A 401(k) can be an important piece of any retirement plan, which is why you might want to set lofty goals so you have enough money to retire comfortably.
But getting to that $1 million milestone can be a daunting task, and you may think it’s an almost impossible goal to build that much wealth.
Don’t give up! Check out some of these practical options to get you on the road to $1 million with your 401(k).
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Sign up for your 401(k) as soon as possible
You may think retirement is far away when you’re starting a new job and that you don’t have to worry about it in your first few years of working.
But it’s essential to start your 401(k) contributions as soon as possible to earn the maximum amount of money you can and grow your wealth sooner.
Consistently contributing to your 401(k) over many years is a great way to make compounding interest work for you.
Contribute at least enough to get the full company match
One benefit you might receive from your company or organization is matching funds for your 401(k) to help you boost your retirement savings.
Get the full company match if you can, as it’s extra money your company will give you to boost your retirement funds. Every dollar, even dollars from your company, will help you get closer to your $1 million goal.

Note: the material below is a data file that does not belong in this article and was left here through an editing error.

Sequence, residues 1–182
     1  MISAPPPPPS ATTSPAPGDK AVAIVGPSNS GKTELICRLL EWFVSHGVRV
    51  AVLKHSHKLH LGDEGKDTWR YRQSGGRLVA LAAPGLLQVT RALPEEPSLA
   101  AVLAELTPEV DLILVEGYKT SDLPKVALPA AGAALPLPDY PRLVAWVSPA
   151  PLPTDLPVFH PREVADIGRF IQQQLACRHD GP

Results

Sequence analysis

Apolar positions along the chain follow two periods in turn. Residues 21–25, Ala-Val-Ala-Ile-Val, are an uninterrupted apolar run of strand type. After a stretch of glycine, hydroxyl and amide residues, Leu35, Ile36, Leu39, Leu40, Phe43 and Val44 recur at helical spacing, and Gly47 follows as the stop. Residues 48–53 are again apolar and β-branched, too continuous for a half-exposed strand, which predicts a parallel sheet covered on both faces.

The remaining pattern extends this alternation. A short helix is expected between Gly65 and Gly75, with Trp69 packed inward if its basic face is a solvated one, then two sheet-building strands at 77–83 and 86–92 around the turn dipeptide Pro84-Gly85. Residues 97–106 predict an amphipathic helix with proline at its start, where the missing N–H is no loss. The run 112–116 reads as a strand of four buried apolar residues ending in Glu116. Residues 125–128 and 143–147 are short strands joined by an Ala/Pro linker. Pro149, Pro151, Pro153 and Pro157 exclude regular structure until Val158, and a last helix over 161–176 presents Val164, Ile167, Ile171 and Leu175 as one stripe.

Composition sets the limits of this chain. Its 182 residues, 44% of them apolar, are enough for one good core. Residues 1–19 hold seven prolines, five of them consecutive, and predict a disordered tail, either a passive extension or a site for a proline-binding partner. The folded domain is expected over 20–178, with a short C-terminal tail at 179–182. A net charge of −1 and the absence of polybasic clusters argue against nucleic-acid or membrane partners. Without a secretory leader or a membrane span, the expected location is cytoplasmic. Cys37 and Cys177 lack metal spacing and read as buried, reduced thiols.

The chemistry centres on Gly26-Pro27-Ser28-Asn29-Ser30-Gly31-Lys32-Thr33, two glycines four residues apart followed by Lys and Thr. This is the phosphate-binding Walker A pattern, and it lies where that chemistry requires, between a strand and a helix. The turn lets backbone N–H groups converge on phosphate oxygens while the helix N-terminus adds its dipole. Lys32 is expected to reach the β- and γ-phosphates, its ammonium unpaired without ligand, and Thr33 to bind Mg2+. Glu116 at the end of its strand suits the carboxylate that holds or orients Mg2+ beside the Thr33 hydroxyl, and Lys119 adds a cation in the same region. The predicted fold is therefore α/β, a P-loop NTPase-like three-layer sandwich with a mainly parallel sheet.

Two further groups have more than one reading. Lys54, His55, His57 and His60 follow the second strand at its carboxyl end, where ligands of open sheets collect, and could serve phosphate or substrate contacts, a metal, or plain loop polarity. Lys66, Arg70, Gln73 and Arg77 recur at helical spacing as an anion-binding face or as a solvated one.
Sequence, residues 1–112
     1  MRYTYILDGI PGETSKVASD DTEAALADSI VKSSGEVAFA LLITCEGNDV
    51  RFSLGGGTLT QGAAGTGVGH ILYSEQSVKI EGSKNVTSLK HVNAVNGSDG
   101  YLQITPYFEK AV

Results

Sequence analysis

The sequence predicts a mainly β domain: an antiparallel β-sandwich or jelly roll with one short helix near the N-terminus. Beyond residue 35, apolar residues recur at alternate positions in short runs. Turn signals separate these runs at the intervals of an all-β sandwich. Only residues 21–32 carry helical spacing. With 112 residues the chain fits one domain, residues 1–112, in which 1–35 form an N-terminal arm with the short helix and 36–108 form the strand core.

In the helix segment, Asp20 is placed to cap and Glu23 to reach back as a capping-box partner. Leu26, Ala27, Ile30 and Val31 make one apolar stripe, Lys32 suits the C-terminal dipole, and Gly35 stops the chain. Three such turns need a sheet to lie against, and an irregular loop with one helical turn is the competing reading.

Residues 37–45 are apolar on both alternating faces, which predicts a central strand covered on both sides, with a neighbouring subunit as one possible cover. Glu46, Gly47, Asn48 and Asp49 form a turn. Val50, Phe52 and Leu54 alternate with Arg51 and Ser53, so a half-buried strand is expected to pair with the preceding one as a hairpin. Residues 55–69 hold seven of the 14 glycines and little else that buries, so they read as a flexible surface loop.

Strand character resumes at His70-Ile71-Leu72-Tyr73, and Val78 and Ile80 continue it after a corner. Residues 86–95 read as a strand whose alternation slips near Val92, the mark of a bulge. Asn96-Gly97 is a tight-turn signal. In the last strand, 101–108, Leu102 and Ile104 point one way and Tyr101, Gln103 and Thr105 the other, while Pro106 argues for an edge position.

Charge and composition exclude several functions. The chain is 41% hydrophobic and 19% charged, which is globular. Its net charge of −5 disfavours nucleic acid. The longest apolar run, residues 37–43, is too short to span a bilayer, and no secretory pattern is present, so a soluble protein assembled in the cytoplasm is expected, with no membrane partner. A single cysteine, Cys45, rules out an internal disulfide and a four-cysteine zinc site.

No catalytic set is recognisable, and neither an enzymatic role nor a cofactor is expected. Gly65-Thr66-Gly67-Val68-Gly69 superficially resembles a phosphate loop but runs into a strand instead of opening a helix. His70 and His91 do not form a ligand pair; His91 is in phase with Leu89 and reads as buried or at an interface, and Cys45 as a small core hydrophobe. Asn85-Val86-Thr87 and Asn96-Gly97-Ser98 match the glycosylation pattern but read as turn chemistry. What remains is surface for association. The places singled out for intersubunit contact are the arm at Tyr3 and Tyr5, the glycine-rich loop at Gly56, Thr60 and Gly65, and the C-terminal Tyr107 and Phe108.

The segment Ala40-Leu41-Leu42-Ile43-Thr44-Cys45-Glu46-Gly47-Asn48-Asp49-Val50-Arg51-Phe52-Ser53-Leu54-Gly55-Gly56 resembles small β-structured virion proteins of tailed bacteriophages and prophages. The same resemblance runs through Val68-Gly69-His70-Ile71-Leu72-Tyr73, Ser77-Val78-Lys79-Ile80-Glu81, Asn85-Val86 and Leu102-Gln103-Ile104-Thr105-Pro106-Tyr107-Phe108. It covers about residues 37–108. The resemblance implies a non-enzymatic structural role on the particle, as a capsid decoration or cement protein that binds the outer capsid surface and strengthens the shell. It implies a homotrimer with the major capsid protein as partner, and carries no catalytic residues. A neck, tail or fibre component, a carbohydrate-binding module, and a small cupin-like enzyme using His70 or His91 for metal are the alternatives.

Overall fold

Contribute regularly until you hit the annual cap
You may be surprised to find out there's a limit on how much you can put in your retirement fund each year. It’s important to know the limits for your 401(k), IRA, Roth IRA, or other retirement investments to avoid penalties and other headaches.
You’ll also need to know the limits to get as close to them as possible or reach that maximum and boost your retirement accounts.
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Invest some of your contributions in stocks
It’s wise to have a diverse portfolio that covers different asset classes instead of focusing on only one type, like bonds or commodities.
Consider putting some of your contributions into stocks, which may be a riskier investment than bonds but could also be a better option when you’re younger and can let those stocks grow over the long term.
Let time and compounding returns do the heavy lifting
The great thing about compounding interest is you can set it and let it run, making you money without putting in more cash.
But the more cash you add, the more compounding interest you can earn on that cash. That’s also why you should put that money in as early as possible.
The more runway you can give to your contributions, the more likely you’ll reach your investment goals.
Check your asset allocation at least once a year
Things like compounding interest or investing in an index fund might make it sound like you can just put your cash in an account and forget about it.
Sit down at least once a year and review your accounts to figure out if you want to put money in different investments or rebalance your portfolio so it reflects your financial plan better.
It’s also wise to take more risks when you’re younger because you still have plenty of time to make up for any losses. Just remember to move cash into more steady investments as you get older.
Don't raid your 401(k)